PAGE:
Last week, we talked about the RawPOS Malware that has been affecting Windows-based point-of-sale devices, and we passed along some tips for upgrading, and guarding, against such attacks on you, and your customers.
This week, we finish up our “pointers” for helping you keep all your gear secure. Here are both “the basics,” and a little beyond the “basics,” to maximize transaction security:
- Strong passwords: It’s hard to emphasize how important, and how routinely overlooked, this step is. Perhaps you saw our recent blog post about hacked voting machines. Passwords used were things like “admin” and “abcde.” Don’t let these be your passwords.
- Unique passwords for every system: Not just your POS systems! The other “Achilles heel” is thinking a password is so unique, it should be used for everything! Once a single password is hacked, the “password” then becomes a “passport.”
- Keep “Users” and “Admins” separate: Generally speaking, don’t allow every user to be a local “Admin” to POS systems. Keep those logins — and that access — separate.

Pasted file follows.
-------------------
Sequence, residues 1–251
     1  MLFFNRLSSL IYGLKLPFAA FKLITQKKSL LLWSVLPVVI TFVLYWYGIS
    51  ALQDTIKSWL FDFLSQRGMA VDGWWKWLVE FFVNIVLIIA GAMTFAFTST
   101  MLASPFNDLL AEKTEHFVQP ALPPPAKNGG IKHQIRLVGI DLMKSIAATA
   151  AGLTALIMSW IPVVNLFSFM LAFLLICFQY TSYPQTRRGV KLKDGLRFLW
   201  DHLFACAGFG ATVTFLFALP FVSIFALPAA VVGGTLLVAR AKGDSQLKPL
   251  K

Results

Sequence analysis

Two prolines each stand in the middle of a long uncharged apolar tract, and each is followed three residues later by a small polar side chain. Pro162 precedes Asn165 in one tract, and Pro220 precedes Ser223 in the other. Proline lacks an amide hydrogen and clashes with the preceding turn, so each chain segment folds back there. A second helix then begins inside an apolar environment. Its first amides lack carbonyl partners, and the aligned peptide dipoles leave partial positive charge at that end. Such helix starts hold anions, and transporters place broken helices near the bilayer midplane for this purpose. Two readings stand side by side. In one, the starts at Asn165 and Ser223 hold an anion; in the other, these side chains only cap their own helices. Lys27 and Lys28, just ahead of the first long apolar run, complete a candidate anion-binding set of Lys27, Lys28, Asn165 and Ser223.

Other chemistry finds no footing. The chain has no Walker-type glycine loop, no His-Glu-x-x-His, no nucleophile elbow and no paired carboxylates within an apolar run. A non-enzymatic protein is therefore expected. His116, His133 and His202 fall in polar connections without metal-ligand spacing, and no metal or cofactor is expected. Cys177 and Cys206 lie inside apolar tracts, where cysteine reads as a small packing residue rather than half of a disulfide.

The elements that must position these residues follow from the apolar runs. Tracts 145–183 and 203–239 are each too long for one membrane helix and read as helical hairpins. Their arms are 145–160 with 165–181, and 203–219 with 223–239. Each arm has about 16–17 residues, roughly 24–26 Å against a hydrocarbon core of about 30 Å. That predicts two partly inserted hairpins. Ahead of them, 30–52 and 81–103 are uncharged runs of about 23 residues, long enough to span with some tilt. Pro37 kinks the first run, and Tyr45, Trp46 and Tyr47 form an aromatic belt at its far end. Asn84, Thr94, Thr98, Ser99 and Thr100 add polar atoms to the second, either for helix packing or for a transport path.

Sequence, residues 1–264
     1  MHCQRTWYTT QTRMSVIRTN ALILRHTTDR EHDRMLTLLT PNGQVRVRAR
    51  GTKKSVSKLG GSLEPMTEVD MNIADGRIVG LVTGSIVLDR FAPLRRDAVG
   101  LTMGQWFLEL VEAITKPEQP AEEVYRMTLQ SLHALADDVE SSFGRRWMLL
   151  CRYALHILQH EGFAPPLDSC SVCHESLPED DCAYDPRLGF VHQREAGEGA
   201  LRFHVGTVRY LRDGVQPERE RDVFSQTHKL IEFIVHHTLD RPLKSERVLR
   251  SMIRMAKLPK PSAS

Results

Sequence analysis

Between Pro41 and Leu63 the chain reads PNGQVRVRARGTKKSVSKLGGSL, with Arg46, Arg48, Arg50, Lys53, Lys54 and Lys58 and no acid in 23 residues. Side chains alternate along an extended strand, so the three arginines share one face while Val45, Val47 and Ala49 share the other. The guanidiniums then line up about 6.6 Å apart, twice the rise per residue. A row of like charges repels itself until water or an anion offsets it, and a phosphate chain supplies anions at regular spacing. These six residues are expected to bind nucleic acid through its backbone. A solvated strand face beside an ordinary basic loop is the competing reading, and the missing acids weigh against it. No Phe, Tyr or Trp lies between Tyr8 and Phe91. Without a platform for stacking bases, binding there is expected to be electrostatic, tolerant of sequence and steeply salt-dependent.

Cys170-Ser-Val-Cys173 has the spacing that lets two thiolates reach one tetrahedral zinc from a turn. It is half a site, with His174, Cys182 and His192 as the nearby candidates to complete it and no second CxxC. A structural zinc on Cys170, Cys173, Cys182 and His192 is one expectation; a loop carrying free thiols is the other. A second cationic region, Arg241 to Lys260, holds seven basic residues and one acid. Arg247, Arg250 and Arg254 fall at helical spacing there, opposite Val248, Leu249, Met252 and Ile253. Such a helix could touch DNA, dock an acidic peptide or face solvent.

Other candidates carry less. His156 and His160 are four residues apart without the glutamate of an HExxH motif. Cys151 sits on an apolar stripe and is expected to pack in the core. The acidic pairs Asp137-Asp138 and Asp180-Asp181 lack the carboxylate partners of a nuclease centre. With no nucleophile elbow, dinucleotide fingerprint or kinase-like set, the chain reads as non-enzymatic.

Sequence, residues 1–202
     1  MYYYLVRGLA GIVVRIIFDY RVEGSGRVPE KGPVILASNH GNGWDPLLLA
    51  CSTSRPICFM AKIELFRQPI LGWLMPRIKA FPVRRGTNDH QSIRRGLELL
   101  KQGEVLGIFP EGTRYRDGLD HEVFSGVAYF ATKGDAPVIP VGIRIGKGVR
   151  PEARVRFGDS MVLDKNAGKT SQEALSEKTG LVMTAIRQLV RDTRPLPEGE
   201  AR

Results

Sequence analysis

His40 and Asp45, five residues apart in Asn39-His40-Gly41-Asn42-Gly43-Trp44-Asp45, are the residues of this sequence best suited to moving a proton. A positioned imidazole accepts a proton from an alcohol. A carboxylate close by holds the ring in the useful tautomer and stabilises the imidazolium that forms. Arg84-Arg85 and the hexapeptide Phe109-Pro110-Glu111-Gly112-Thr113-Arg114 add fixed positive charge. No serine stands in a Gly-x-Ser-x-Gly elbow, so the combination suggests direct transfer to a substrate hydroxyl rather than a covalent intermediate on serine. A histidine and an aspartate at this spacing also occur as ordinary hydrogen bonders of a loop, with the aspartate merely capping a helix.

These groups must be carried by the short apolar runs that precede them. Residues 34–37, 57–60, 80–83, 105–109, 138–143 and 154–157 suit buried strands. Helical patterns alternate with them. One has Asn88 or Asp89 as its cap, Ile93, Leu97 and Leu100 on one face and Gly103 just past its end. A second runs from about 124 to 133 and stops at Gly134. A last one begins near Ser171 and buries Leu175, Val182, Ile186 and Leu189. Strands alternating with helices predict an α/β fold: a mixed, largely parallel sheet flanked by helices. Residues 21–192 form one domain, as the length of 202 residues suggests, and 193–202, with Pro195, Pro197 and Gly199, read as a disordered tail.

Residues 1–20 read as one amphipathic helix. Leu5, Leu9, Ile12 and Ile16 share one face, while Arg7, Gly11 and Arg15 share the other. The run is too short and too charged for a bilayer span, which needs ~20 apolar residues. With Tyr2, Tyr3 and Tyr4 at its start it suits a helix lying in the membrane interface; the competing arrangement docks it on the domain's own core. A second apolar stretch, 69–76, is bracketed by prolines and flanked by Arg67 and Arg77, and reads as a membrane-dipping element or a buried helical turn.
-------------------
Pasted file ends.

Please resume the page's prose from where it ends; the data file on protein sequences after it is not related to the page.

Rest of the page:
- Got good passwords? Now Change ‘em! Yes, we know. You didn’t want to have to think about passwords this much. You’ve got good ones. Now change — or at least tweak — them, every 90 days or so.
- Let POS be POS: Make sure your POS devices serve only for point-of-sale. Hazards and hackery increase if POS machines are also used for other systems.
- Keep the OS Updated — and “O’ing!”: Make sure your Operating System keeps Operating at its best, and most secure, by installing all updates and patches as they’re available.
- Restrict permissions and access: Consider disabling file sharing, or at least restric permissions on Windows file sharing, and remote access services.
- Promote security awareness: This last is a little more ephemeral. There’s not a specific thing to do, but rather many things — all depending on the size of your company and workplace, and the ways information are shared. Don’t just keep security as an “IT” issue. Share information like this blog post — and anything similar — so that everyone is update on being as “breach-free” as humanly — and as digitally! — possible.
Not that your IT crew doesn’t work hard. In fact, you can get an alert from Visa on RawPOS malware, too. That includes HASH values allowing you to compare system files and detect “disturbances in the force,” as it were. Or at least files that shouldn’t be there.
However, the amount of coding included in the alert should be left to the good offices of those IT folks. But the VISA PDF could be handy if you’d like your IT Dept. to undertake an overview of your POS Security at the present moment.
You can find the file right here, if you’re ready for that security review.
Summer beckons: Graduations, celebrations, travel. Your customers will be busy, and buying. Help them do it securely.
See you in a week!